Reference > Cambridge History > Later National Literature, Part III > Non-English Writings I > Robert Reitzel
  German Translations of American Authors Dialect Literature  

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The Cambridge History of English and American Literature in 18 Volumes (1907–21).
VOLUME XVIII. Later National Literature, Part III.

XXXI. Non-English Writings I.

§ 16. Robert Reitzel.


The distinction of having been the master of German prose in America belongs to the brilliant Robert Reitzel (1849–1898). He is of the type of the lyrical poets and essayists who arose in Germany during the eighties, like the brothers Hart, Arno Holz, and Karl Henckell, the last of whom Reitzel often mentions as his personal friend. Like these modern“Sturmer und Dränger,” Reitzel defies arbitrary power, loves truth even to a pose; he is the herald of a new socialistic age, a spokesman for the submerged class, the proletariat. Yet the most fascinating subject of his clear and sparkling prose is his own egocentric personality, a characteristic of the poet Heine, whose influence upon Reitzel is obvious. Reitzel’s self-portraiture is seen to best advantage in his Abenteuer eines Grünen, the story of his life, including his initial hardships in America, when the grinding wheel of fortune made a tramp of him. But even as an outcast he keenly felt the poetry of existence:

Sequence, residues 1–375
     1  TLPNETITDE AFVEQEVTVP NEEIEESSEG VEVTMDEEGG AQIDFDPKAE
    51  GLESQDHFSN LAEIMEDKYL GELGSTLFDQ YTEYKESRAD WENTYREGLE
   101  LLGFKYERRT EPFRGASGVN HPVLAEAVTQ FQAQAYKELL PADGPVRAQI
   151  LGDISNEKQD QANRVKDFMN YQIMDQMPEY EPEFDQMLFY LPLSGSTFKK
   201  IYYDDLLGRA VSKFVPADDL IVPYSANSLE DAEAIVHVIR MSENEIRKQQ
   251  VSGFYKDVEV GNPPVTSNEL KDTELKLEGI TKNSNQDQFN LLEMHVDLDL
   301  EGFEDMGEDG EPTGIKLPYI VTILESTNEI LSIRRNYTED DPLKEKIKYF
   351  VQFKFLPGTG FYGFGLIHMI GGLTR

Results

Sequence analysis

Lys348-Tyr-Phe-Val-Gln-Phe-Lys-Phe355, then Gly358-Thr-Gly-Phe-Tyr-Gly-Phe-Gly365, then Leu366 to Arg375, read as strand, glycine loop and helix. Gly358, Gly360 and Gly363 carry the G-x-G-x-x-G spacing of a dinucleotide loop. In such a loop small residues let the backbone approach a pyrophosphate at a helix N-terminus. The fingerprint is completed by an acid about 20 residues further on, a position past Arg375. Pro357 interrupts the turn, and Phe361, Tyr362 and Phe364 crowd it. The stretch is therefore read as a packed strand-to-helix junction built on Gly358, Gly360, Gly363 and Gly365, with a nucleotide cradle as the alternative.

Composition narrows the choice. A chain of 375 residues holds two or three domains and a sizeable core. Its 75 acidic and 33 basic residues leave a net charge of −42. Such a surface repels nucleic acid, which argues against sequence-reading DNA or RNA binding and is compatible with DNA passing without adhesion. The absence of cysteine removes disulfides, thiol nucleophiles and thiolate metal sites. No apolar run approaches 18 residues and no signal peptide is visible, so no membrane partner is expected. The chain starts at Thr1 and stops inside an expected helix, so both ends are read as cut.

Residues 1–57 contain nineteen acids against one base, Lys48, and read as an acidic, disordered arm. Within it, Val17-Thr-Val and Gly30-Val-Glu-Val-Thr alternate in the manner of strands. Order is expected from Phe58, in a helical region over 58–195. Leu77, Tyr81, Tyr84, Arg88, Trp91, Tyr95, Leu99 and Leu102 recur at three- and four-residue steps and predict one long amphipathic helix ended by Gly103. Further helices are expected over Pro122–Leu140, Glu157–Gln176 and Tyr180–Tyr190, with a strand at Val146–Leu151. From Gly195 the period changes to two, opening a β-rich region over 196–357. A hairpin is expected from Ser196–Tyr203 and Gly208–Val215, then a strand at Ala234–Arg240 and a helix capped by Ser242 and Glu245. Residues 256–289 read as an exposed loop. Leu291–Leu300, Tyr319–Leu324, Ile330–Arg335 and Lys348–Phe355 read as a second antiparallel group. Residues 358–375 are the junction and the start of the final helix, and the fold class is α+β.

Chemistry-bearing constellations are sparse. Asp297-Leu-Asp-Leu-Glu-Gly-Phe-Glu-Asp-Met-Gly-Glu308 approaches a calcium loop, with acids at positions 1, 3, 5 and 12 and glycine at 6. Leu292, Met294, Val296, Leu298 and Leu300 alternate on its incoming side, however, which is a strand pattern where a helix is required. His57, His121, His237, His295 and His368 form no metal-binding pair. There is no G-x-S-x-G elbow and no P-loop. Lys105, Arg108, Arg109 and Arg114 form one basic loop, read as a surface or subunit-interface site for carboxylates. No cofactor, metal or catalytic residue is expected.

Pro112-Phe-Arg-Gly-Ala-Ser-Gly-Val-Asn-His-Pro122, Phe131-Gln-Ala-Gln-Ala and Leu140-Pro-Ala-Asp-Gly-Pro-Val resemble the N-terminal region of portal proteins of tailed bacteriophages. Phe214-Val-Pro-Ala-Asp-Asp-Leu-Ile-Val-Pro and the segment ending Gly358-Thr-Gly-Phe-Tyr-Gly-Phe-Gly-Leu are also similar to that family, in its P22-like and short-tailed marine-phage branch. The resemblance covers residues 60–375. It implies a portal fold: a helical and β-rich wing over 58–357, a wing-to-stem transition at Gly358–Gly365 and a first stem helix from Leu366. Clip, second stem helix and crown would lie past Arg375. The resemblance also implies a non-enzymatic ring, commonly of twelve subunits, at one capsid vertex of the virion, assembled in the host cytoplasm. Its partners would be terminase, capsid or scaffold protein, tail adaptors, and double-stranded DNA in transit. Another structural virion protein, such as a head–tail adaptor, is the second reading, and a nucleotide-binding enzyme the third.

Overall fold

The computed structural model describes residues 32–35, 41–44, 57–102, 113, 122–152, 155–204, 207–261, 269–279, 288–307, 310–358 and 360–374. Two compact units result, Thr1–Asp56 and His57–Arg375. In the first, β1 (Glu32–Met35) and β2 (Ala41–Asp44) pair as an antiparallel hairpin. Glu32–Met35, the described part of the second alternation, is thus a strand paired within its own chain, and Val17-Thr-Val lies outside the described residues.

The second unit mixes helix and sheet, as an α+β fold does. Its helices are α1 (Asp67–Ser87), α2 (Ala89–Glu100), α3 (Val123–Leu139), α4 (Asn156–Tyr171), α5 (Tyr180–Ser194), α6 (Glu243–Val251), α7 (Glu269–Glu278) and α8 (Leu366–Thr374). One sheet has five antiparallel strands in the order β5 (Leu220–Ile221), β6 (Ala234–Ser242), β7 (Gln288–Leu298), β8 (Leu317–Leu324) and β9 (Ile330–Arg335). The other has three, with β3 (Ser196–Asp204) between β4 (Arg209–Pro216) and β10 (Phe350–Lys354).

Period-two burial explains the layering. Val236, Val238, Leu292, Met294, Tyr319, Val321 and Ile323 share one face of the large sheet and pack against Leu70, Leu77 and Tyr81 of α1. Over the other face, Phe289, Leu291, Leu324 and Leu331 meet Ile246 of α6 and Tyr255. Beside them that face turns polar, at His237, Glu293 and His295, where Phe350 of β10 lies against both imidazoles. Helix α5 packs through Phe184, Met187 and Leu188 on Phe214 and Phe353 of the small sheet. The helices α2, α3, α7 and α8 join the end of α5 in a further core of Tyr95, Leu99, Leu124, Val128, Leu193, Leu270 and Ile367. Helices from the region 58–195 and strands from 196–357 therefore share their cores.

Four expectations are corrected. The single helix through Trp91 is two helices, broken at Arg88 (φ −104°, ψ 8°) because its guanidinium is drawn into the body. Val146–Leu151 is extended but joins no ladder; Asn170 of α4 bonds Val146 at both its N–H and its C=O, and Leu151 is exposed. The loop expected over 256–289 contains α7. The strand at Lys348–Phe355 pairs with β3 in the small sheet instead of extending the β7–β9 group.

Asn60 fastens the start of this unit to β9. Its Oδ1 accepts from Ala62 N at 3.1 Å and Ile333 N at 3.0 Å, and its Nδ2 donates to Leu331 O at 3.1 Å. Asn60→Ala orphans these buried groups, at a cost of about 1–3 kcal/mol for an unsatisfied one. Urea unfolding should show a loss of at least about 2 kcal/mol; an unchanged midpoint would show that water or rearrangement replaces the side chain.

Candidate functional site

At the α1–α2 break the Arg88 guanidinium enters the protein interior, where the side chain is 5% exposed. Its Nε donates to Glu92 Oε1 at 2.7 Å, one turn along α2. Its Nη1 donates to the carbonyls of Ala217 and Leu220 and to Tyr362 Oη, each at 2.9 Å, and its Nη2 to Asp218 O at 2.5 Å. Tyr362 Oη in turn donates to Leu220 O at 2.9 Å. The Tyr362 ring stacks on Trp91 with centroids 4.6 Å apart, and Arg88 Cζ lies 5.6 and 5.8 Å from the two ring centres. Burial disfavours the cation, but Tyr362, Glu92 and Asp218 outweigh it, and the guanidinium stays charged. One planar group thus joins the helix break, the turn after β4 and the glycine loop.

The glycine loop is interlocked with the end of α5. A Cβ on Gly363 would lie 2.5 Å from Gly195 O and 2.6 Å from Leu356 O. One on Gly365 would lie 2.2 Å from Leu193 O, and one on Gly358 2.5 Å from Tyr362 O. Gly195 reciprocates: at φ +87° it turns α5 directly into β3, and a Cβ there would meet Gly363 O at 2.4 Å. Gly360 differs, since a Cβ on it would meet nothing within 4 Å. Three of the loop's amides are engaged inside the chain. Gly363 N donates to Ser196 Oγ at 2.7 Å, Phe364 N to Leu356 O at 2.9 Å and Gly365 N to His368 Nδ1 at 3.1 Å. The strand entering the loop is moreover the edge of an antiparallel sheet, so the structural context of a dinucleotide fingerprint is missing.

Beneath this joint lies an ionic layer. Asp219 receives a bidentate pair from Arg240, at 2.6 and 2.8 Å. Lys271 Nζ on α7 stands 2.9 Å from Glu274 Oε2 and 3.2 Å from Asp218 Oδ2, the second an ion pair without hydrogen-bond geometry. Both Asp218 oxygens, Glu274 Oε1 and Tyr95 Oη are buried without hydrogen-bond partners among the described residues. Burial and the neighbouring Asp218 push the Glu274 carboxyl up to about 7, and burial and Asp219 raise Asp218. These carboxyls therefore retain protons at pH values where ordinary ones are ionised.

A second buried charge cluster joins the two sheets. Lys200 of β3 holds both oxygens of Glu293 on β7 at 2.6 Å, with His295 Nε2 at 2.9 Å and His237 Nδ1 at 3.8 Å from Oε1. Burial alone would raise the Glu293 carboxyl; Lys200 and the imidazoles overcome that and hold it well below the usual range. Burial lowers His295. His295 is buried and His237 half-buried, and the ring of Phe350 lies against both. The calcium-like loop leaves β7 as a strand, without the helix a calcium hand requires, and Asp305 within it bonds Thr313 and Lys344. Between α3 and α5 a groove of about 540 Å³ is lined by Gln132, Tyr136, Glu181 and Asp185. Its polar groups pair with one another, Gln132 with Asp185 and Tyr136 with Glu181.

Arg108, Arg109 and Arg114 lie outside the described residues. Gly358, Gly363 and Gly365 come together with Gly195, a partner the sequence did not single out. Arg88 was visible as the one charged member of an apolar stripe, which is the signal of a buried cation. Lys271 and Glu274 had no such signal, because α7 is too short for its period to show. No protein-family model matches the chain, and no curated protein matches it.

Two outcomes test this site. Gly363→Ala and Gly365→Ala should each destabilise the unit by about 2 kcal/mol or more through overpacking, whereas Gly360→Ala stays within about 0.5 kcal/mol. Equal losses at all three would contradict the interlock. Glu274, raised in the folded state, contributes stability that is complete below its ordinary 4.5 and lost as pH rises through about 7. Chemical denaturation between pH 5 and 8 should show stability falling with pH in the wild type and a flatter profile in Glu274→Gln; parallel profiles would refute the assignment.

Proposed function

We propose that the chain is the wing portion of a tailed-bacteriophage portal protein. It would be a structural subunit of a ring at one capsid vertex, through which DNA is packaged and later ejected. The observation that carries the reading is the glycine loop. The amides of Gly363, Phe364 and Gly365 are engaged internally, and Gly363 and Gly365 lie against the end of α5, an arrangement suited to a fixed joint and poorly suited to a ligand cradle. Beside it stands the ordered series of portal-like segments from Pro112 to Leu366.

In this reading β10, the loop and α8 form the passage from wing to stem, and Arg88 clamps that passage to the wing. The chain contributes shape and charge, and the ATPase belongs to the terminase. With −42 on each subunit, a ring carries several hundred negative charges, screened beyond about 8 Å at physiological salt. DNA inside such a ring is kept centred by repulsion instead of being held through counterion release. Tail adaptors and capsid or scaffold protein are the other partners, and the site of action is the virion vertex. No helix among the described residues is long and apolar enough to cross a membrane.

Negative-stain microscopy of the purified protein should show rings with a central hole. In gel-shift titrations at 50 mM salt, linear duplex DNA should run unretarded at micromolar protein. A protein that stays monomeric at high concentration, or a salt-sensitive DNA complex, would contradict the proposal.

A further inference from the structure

Ich lobe mir das Leben,
Juhei! als Vagabund,
Mich drücken keine Sorgen;
Frei bin ich alle Stund;
Die Erde ist mein Lager,
Der Himmel ist mein Dach,
Und mit den Vög’lein werd’ich
Des morgens wieder wach.
Rescued from despair by a German minister in Baltimore, he completed a course of study for the ministry already begun abroad, and he soon accepted a charge. But fortune again turned against him, when the congregation recognized in him a freethinker. Once more a wanderer, he lectured for some years and in many places, until he finally found liberal friends in Detroit who supplied the means in 1884 for his favourite wish, a weekly literary paper. This he named Der arme Teufel, and into it he poured his soul for the remaining fourteen years of his life. A kindred spirit, the poet Martin Drescher, collected some of his writings in Mein Buch (1900); a larger collection was published in a limited edition soon after by the Reitzel Club of Detroit, under the title Des armen Teufel gesammelte Schriften. Reitzel’s poems are hardly less noteworthy for their form than his prose. They betray an influence of Heine and Nietzsche, though not sufficient to obscure a style of his own.
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